The legislative history and the administrative directive establish that the exemption applies only when computation of working hours is extremely difficult because the employees must constantly attend, on a standby basis, livestock that is on a range away from the ranch's headquarters. Here the cattle are not run on a range far from headquarters. The men check in and out of headquarters daily, and they are not required to be in constant attendance on a standby basis. Most importantly, the record shows that computation of their working hours is not difficult. The employer, therefore, is not entitled to an exemption with respect to these employees.
The judgment of the district court is reversed, and the case is remanded for further proceedings consistent with this opinion.
Reversed and remanded.
The Fair Labor Standards Act passed by Congress in 1938 excluded from its coverage agricultural employees. In 1966, Congress amended the Act to extend minimum wage and recording requirements to agricultural employees working for an employer who used more than 500 mandays of agricultural labor (approximately seven employees working full time) in any calendar quarter of the preceding year. Several classes of employees are totally exempt, and agriculture generally is not subject to the overtime pay requirement of the Act. 29 U.S.C. § 213 (a) (6) and (b) (13) (1970). See S.Rep. No. 1487, 89th Cong., 2d Sess. 1966, U.S. Code Cong. & Admin.News, pp. 3002, 3010
The exemption is set forth in 29 U.S.C. § 213(a) (6) (E) (1970). It has been judicially construed in only one reported case, Hodgson v. Mauldin, 344 F. Supp. 302 (N.D. Ala.) aff'd 478 F.2d 702 (5th Cir. 1973)
112 Cong.Rec. 11391 (1966)
The Senate Report states: "The committee exempted from the agricultural coverage provision of the bill 10,000 employees who are principally engaged in the range production of livestock. The committee, because of the special circumstances of these employees, believes an exemption is appropriate." S.Rep.No. 1487, 89th Cong., 2d Sess., 1966, U.S. Code Cong. & Admin.News, pp. 3002, 3011
See 112 Cong.Rec. 20621 (1966)
112 Cong.Rec. 20483 (1966)
Conf.Rep.No. 2004, 89th Cong., 2d Sess., 1966, U.S.Code Cong. & Admin.News, pp. 3047, 3048
The Guide states:
"For purposes of [the range production] exemption, 'range' is defined generally as land that is not cultivated. It is land that produces native forage for animal consumption, and includes land that is revegetated naturally or artifically to provide a forage cover that is managed like range vegetation. 'Forage' as used here means 'browse' or herbaceous food that is available to livestock or game animals.
"The range may be on private or Federal or State land, and need not be open. Typically it is not only noncultivated land, but land that is not suitable for cultivation because it is rocky, thin, semi-arid, or otherwise poor. Typically, also, many acres of range land are required to graze one animal unit (5 sheep or 1 cow) for one month.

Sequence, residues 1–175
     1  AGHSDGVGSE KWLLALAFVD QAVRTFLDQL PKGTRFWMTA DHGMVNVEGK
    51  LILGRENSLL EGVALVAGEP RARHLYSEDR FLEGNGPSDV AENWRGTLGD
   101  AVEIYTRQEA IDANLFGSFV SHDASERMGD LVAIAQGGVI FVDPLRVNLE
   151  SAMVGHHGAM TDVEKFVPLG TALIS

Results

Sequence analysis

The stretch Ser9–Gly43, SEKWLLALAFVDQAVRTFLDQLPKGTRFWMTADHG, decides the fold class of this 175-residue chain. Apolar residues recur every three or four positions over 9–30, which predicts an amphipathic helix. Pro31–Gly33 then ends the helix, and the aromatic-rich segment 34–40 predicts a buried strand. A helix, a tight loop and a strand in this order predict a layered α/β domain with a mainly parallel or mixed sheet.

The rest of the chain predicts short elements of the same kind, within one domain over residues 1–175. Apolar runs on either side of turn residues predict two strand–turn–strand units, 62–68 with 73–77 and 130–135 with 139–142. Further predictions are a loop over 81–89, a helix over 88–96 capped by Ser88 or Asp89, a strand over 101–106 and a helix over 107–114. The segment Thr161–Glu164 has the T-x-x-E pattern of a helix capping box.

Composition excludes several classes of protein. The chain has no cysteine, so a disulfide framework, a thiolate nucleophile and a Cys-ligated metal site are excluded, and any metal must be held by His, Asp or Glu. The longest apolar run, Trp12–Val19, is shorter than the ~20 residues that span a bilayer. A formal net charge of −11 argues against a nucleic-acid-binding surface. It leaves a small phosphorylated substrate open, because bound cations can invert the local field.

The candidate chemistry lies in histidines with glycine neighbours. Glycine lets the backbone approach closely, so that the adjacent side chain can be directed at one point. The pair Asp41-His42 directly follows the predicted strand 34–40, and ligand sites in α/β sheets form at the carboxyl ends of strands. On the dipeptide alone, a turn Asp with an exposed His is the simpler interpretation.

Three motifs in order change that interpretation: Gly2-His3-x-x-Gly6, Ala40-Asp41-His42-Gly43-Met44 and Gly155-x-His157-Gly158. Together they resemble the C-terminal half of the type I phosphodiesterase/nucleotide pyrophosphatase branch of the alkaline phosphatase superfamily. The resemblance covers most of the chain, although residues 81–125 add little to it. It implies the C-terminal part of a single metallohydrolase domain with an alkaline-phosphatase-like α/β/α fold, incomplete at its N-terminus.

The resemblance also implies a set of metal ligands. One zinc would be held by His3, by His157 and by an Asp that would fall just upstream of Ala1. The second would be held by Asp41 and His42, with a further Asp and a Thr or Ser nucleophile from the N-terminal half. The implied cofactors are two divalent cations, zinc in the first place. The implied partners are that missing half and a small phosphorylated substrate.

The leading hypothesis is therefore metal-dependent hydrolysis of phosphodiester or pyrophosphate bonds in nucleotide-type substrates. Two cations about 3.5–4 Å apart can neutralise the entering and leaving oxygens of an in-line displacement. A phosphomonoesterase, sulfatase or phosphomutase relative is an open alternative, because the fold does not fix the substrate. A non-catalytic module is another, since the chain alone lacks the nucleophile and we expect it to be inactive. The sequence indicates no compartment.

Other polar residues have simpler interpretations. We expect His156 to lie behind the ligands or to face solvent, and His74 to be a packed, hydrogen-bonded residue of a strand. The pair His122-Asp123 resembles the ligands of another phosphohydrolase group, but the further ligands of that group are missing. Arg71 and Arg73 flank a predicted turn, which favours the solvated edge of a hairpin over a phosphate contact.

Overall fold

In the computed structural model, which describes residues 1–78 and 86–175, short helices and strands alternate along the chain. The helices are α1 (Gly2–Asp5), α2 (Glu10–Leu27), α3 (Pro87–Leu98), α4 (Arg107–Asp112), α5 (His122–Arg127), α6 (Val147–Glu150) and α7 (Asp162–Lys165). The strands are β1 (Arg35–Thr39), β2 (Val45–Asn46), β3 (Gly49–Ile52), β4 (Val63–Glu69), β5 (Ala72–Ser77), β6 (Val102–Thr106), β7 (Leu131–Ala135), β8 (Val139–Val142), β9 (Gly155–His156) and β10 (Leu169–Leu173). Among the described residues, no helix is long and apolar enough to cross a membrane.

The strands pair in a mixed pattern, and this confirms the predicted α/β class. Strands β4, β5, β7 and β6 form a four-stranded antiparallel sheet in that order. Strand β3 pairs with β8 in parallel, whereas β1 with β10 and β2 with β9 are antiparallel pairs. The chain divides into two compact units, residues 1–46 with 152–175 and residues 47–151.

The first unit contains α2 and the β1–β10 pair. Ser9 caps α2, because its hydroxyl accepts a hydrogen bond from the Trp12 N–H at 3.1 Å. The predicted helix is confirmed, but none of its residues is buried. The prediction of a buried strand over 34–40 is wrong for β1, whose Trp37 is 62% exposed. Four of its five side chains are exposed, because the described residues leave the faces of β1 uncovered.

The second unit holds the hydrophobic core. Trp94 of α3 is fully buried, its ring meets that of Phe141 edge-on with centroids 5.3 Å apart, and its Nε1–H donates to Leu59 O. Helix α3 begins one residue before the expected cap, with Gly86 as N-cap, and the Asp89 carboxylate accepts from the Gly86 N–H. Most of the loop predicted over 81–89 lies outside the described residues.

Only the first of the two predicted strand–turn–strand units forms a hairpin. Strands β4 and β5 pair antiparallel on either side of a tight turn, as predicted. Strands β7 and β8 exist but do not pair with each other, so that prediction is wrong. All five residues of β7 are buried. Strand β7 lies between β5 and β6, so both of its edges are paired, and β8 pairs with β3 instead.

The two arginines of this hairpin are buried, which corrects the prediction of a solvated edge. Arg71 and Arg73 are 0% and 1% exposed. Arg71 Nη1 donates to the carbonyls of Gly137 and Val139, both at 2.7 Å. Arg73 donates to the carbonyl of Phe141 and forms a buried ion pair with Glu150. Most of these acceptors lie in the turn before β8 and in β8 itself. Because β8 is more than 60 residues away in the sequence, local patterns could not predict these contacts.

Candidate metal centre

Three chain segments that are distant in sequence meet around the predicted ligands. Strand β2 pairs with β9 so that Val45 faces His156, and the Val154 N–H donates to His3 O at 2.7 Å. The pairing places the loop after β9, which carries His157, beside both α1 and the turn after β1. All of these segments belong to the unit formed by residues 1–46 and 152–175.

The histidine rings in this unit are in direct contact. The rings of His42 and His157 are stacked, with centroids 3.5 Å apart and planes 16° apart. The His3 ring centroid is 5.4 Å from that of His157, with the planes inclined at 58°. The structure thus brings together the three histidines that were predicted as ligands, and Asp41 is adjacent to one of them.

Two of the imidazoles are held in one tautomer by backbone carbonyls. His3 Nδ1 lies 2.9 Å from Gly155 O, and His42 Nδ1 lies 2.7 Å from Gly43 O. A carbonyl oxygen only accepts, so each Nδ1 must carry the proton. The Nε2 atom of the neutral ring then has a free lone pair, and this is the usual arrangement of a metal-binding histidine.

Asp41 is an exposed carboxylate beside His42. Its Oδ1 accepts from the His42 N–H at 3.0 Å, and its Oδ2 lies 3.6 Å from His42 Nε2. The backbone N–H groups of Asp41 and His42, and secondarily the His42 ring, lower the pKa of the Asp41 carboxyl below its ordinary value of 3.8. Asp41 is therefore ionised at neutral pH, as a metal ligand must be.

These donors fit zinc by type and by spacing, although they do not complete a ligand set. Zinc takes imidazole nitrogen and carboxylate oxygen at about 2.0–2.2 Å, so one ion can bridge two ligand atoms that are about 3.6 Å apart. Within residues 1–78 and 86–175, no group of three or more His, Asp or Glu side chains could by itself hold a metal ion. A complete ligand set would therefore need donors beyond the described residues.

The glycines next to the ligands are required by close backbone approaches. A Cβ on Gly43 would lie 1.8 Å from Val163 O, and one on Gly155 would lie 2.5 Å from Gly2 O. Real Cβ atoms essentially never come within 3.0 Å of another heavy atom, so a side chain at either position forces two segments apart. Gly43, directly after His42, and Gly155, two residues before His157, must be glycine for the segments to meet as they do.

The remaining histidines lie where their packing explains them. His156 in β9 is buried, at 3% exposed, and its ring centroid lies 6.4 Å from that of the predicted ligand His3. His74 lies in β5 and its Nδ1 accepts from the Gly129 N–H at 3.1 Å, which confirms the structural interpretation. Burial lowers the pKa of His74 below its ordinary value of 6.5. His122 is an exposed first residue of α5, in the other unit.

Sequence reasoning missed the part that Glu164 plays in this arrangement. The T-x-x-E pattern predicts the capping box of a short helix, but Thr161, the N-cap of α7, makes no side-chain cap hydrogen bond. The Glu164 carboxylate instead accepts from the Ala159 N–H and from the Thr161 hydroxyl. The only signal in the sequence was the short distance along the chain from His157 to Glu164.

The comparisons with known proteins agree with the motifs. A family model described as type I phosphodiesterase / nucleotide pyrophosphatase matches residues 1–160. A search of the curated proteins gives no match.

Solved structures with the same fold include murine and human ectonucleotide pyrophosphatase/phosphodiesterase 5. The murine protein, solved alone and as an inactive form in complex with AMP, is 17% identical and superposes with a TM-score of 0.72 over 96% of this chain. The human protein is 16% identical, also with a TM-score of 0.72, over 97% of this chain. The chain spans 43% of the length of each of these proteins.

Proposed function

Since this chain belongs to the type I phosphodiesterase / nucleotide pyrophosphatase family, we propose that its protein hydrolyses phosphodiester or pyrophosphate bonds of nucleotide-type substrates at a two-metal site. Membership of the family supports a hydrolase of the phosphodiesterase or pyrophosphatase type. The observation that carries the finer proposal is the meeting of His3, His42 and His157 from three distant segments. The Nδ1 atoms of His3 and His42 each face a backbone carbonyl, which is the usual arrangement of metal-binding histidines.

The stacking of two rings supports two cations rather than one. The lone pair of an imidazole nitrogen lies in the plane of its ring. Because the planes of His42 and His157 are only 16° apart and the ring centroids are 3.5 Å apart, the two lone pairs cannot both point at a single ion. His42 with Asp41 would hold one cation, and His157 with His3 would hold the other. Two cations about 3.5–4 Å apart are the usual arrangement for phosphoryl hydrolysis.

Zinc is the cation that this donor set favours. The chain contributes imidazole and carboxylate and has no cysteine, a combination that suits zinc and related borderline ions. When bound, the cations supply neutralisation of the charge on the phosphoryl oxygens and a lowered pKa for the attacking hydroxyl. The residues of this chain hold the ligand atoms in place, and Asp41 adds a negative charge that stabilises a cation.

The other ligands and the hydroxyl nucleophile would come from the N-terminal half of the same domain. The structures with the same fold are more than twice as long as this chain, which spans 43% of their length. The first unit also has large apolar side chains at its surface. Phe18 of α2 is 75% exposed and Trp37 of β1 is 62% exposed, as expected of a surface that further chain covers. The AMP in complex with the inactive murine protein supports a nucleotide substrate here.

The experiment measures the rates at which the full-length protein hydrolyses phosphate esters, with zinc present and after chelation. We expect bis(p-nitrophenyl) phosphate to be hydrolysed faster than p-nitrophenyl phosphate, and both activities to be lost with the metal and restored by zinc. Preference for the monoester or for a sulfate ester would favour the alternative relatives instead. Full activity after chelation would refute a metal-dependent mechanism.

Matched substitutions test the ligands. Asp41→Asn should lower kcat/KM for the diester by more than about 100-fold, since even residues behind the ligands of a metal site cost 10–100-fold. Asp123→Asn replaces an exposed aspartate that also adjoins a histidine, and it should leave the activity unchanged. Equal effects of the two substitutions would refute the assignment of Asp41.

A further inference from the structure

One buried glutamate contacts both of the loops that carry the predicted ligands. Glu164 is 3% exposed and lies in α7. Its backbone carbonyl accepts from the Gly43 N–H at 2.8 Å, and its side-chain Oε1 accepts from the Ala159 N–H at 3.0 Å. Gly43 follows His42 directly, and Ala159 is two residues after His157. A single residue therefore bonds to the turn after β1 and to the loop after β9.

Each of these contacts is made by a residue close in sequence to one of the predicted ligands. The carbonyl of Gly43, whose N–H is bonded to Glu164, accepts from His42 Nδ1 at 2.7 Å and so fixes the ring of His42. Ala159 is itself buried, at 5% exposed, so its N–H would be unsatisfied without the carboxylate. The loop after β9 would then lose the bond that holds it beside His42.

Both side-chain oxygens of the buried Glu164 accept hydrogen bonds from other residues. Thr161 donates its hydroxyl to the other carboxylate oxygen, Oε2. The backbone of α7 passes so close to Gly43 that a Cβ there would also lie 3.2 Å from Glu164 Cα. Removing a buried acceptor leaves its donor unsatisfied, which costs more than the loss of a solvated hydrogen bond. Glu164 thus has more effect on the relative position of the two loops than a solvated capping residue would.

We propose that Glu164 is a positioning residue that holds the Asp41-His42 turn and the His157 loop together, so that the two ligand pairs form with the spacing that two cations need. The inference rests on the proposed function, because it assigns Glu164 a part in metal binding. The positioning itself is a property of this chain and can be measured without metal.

"This exemption does not apply to feed lots or to any area where the stock involved would be near headquarters. It applies only to those employees principally engaged in activities which require constant attendance on a standby basis, away from headquarters, such as herding, where the computation of hours worked would be extremely difficult. The sole fact that an employee providing such constant surveillance generally returns to his home at the end of each day, however, would not affect the application of the exemption."
On June 17, 1972, shortly after the trial of the case, the Department of Labor issued an Interpretative Bulletin on Exemptions Applicable to Agriculture. With respect to the range exemption, it substantially repeated the comments of the Guide. 37 Fed.Reg. 12101 (1972).
U. S. Dep't. of Agriculture, Statistical Bull. 461, Basic Statistics-National Inventory of Soil and Water Conservation Needs, at Table 2 (1967); Virginia Polytechnic Institute Extension Division, Virginia Conservation Needs Inventory of 1967, at 21 (1970)
See note 8 supra
Cabell v. Markham, 148 F.2d 737, 739 (2d Cir.), aff'd 326 U.S. 404, 66 S. Ct. 193, 90 L. Ed. 165 (1945)
S.Rep.No.1487, 89th Cong., 2d Sess., 1966, U.S.Code Cong. & Admin.News, pp. 3002, 3012
On all three farms the number of acres required to carry one head of cattle was considerably below the ratio of 25 to 1 mentioned in the Senate debate. See text accompanying note 5 supra. Moreover, the record indicates that each of the farms can carry more cattle than were reported in December 1970. During the relevant period Elk Garden had as high as 1,735 head; Cochener, 1,200; Big Lonely-Tomahawk, 1,200. The stocking ratio is significant only because it gives some indication whether employees must work at a distance from the ranch headquarters because cattle are dispersed over large areas
The record's omission of the maximum distance at Big Lonely-Tomahawk does not adversely affect the Secretary's position. The burden is on an employer-not the Secretary-to establish entitlement to exemption. Idaho Sheet Metal Works v. Wirtz, 383 U.S. 190, 206, 86 S. Ct. 737, 15 L. Ed. 2d 694 (1966)
The Farmer's Guide provides in part:
" [A]n employee who during the year spends over 50 percent of his time on the range in such activities as herding, handling, transporting, feeding, watering, caring for, branding, tagging, protecting or otherwise assisting in the raising of livestock and in such immediately incidental duties as inspecting and repairing fences, wells and windmills and employee food preparation on the range, would have range production of livestock as his primary duty. On the other hand, an employee who spends over 50 percent of his time in work such as terracing, reseeding, haying, and constructing dams, wells, and irrigation ditches would not have range production of livestock as his primary duty."
See nn. 8 and 12 supra